Report on degraded bogs published
The 're-wetting' of a cutaway bog in Bellacorrick, Co Mayo, after it was used for years to fuel a local turf-fired power station, could be an example of what to do with industrialised peatlands elsewhere in Ireland, a new report has found.
Bord na Móna manages 80,000 hectares of peatlands, of which some 60,000 hectares are of “severely degraded” status due to drainage and peat extraction. It is estimated that 30,000 hectares of industrial cutaway may be available for restoration/rewetting over the next 20 years.
Commissioned by the Environmental Protection Agency (EPA), the Carbon Restore report by Dr David Wilson of UCD, an expert in measuring greenhouse gases, shows that re-wetting cutaway bogs would provide climate, biodiversity, water and economic benefits.
The report was launched at an Intergovernmental Panel on Climate Change (IPCC) expert meeting being held in Dublin this week on “good practice in international reporting and accounting systems” for possible future restoration actions of degraded peatlands.
The IPCC has a central role in informing the global response to climate change, including on how to account for the potential carbon benefits from the restoration of degraded bogs. This would prove crucial for Ireland in offsetting greenhouse gas emissions from other sources.
The research report, which was carried out with the co-operation of Bord na Móna, “indicates that there is significant potential to using restored industrial peatlands to address climate change and other environmental challenges,” said EPA director-general Laura Burke.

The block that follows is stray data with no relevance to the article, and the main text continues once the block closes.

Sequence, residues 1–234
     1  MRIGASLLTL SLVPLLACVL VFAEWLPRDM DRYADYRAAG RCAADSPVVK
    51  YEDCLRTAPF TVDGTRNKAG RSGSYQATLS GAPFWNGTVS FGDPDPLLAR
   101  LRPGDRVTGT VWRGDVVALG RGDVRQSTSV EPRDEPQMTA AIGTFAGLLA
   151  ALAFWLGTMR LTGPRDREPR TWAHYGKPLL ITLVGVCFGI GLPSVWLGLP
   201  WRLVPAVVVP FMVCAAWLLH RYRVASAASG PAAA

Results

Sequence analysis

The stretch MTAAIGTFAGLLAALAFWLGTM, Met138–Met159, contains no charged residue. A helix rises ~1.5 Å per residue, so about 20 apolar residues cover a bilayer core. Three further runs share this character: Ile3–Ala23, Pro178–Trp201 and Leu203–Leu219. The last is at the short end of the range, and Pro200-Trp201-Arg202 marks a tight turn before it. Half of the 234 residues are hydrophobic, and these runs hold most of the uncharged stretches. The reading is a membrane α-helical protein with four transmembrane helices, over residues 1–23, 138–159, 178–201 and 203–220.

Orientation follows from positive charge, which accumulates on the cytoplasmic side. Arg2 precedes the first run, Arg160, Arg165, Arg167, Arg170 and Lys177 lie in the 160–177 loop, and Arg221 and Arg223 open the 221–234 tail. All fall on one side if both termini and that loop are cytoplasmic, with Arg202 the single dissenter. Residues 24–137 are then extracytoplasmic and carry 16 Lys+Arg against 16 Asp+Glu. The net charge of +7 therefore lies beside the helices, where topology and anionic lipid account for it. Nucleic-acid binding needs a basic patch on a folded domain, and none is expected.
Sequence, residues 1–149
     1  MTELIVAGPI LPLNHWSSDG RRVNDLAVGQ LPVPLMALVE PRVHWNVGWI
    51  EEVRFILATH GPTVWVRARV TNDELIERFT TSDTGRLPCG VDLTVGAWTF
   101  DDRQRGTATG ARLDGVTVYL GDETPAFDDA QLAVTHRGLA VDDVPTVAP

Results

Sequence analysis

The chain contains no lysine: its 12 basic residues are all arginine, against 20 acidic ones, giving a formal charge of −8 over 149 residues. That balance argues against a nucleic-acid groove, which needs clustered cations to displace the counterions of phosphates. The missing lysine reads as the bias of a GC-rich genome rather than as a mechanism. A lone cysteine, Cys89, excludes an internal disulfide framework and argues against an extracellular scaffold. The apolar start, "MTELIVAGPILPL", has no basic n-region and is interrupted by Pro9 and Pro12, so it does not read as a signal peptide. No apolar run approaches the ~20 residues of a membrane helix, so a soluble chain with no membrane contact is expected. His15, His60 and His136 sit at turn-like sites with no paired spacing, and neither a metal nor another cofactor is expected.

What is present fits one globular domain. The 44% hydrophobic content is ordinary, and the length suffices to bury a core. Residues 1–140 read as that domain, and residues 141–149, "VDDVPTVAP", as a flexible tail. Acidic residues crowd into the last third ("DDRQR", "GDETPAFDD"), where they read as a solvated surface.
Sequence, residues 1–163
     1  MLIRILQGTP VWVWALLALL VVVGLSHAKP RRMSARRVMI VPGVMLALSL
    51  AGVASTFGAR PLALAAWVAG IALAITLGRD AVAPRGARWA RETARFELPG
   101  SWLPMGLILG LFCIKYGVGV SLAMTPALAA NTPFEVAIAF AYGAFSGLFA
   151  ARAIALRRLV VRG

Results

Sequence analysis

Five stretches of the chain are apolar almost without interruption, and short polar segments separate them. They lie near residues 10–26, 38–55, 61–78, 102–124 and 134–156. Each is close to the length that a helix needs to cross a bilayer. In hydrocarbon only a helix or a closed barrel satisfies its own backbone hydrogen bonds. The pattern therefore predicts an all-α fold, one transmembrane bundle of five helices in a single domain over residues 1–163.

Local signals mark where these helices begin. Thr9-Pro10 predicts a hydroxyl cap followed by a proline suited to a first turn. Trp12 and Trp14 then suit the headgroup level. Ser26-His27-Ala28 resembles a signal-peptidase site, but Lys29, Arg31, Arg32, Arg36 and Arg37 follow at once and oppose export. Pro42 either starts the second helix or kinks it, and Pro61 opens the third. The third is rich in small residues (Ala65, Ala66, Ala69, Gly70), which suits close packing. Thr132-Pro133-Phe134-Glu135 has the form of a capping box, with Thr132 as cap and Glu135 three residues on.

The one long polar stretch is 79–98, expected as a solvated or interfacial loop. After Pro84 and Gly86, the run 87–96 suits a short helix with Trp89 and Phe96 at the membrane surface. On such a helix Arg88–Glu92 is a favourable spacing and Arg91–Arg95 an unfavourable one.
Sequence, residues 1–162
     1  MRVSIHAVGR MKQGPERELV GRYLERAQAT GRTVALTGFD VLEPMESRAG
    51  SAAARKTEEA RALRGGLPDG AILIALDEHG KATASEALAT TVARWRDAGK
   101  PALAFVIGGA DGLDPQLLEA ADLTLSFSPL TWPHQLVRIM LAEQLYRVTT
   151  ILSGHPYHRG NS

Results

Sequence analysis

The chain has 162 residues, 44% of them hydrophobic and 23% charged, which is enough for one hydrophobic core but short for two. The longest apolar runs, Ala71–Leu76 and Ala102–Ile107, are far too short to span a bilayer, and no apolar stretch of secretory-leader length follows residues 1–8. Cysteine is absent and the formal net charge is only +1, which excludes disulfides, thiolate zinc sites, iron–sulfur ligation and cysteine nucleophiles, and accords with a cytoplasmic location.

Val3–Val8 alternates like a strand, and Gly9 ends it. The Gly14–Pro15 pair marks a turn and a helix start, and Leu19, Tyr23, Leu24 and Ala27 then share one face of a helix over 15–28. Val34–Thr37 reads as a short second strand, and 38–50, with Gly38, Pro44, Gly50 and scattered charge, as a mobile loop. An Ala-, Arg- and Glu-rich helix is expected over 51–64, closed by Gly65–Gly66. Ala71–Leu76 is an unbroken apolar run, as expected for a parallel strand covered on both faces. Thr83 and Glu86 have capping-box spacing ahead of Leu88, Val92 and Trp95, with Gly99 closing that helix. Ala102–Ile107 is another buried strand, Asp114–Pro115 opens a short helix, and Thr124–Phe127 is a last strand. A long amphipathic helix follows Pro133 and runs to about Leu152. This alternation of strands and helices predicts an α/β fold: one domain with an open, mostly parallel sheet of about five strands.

“This research also presents us with a vision of effective management of cutaway peatlands. Lands previously thought of as having little or no economic value are potentially valuable resources if subject to appropriate long-term management,” she added.
The report shows that restoring highly degraded peatlands can provide an important “sink” for carbon dioxide and that re-wetting can be managed so to take up carbon dioxide and limit the release of other greenhouse gases which may be produced when restoring peatland.
The report demonstrates that the need to address climate change means that peatland, and particularly degraded peatland, may have a new economic future as a carbon sink if Ireland chooses to account for re-wetting and other initiatives under the UN’s Kyoto Protocol.
It shows that practical rehabilitation measures “can result in sharp reductions in emissions of CO2 on previously drained peatlands.” Almost 13 per cent of Ireland’s land cover is peatlands, some of it protected under the EU directives because of its ecological value.
The report recommends that management plans for cutaway bogs should be in place prior to the cessation of extraction activity, that greenhouse gas “fluxes” on peatlands should be monitored and that the ecological status of peatlands needs to be mapped and classified.
The Carbon Restore report is available at epa.ie